Digitization got many businesses through Covid-19 lockdowns. Leaders who were hesitant about using SaaS technology or augmented reality eventually found them to be the most effective means to continue operations.
The vast majority—93%—of industrial companies are on a digital transformation (DX) journey, with about half in the planning stage or actively piloting. PTC’s State of Digital Transformation shows that companies further along in their DX maturity have been able to effectively harness the capabilities of emerging technologies, better equipping them for the years ahead.
Here are four technologies that will play a pivotal role in the future of manufacturing.
Over the past decade, the number of connected devices and sensors has grown exponentially, and is likely to increase in industrial settings. With this level of connectivity comes the need for scalability, performance, accessibility, reliability, and reach, all at a lower cost of ownership. Manufacturers should start preparing for 5G developments now to help support reliability and resiliency, ensuring that their operations are future-proof.
With 5G, manufacturers will see an improvement in existing application functionality, and discover new use cases in industrial environments. Increasing the rate of production for Industrial Internet of Things (IIoT) data from factory floors, for example, will improve systems reactions, overall equipment effectiveness (OEE), and downtime. 5G and IIoT will make it easier for companies to implement augmented reality training programs.
5G frees up, democratizes, and scales compute resources for efficiency, transferring information to the cloud in near real-time. These developments will help manufacturers effectively incorporate trend analysis into production planning and optimization, and usher in a new era of ubiquitous connectivity to bolster existing and emerging industrial software applications.
The International Data Corporation (IDC) predicts that by 2025, there will be 55.7 billion connected devices worldwide; 75% of those devices will connect to an IoT platform. In the context of the 5G revolution, manufacturing use cases will undoubtedly rise. IIoT has the potential to maximize revenue growth, reduce operating costs, and increase asset efficiency.
As enterprises look to expand IIoT with 5G connectivity, a clear implementation strategy and goal is imperative. Already, manufacturing companies have attempted to dive head first into IIoT without the proper preparation, resulting in failed pilots and lost DX momentum. The most impactful projects have short timelines to measurable impact and are scalable across the business.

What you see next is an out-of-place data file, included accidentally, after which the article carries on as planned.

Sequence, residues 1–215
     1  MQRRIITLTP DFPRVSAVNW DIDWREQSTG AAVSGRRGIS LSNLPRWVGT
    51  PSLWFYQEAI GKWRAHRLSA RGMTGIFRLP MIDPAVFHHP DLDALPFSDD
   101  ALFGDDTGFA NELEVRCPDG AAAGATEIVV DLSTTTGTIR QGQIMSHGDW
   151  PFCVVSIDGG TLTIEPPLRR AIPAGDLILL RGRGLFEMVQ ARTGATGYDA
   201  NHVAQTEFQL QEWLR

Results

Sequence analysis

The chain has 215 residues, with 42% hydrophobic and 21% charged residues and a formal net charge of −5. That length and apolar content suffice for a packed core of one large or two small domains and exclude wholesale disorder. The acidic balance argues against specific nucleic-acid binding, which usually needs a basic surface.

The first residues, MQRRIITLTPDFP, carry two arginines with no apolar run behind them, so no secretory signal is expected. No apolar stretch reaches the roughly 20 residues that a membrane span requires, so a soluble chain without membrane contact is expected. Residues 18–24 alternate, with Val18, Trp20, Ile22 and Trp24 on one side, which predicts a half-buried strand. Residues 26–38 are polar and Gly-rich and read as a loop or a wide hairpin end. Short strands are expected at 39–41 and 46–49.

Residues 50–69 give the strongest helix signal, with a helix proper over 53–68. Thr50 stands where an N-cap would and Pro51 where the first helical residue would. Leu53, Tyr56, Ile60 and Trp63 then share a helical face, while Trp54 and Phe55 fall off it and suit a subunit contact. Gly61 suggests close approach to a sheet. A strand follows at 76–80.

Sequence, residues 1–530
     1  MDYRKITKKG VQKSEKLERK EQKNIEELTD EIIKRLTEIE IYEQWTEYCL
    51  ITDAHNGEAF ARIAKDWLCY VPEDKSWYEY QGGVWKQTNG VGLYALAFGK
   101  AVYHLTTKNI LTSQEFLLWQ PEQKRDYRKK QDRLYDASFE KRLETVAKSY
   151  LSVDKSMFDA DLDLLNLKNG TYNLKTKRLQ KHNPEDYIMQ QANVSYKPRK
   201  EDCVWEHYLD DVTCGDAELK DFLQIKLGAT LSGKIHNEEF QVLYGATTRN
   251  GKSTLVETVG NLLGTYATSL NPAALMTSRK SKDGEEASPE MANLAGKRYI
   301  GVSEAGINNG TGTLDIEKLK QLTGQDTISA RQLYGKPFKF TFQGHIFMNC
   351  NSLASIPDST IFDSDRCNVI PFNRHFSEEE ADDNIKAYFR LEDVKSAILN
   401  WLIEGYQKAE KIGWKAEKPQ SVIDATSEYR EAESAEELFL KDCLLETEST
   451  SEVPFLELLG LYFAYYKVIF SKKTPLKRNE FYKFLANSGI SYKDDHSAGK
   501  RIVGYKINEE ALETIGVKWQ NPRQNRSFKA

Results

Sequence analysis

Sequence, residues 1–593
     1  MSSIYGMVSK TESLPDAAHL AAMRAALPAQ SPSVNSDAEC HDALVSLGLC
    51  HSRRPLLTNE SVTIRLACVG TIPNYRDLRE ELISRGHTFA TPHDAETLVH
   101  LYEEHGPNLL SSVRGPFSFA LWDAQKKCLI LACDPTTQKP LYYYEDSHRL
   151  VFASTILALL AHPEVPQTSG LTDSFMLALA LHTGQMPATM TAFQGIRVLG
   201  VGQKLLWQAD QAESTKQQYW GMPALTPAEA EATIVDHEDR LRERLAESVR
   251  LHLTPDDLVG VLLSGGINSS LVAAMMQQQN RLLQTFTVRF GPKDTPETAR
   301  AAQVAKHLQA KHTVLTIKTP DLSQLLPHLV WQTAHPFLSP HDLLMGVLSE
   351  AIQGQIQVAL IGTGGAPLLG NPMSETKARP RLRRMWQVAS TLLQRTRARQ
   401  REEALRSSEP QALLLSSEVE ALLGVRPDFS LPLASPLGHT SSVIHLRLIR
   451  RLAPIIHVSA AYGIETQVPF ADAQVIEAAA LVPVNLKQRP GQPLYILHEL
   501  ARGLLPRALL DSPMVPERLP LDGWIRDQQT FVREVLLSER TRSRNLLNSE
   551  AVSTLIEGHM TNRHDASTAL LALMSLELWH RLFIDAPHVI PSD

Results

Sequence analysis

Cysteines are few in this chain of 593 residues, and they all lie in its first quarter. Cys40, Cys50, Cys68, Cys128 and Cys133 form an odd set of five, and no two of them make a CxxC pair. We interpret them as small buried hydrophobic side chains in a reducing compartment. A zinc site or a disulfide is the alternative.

The industrial market is also demanding more out-of-the-box IIoT functionality to reduce the time and resources required to implement. These pre-built applications will allow manufacturers to expand IIoT in smart, strategic ways to support their respective business goals.
The possibilities of artificial intelligence are seemingly infinite. But to drive business value, manufacturers need to be strategic in their AI implementation.
Here are a few examples of AI driving innovation in manufacturing:
To successfully incorporate artificial intelligence, companies should evaluate their specific needs and extensively research potential solutions.
PTC defines spatial computing as “the digitization of activities of machines, people, objects, and the environments in which they take place, in order to enable and optimize actions and interactions.” It is the next evolution of physical and digital convergence, and will soon create more seamless interactions between these parties to perfect processes and foster real-time collaboration.
On a factory floor, for example, there are thousands of disparate data streams. Spatial software and analytics exposes correlations and insights that were previously invisible to business leaders. In combination with augmented reality, spatial computing can help bring this data to life, offering an expanded, real-time view of a space, and a lens with which to evaluate new, high-value information.
Disruption comes in many forms, from pandemics to supply chain challenges to natural disasters to new competitors. With the rate of change moving faster than ever, companies must identify new ways of doing business and seek the tools to help them innovate faster, reduce costs, drive efficiency, and stay ahead of the competition.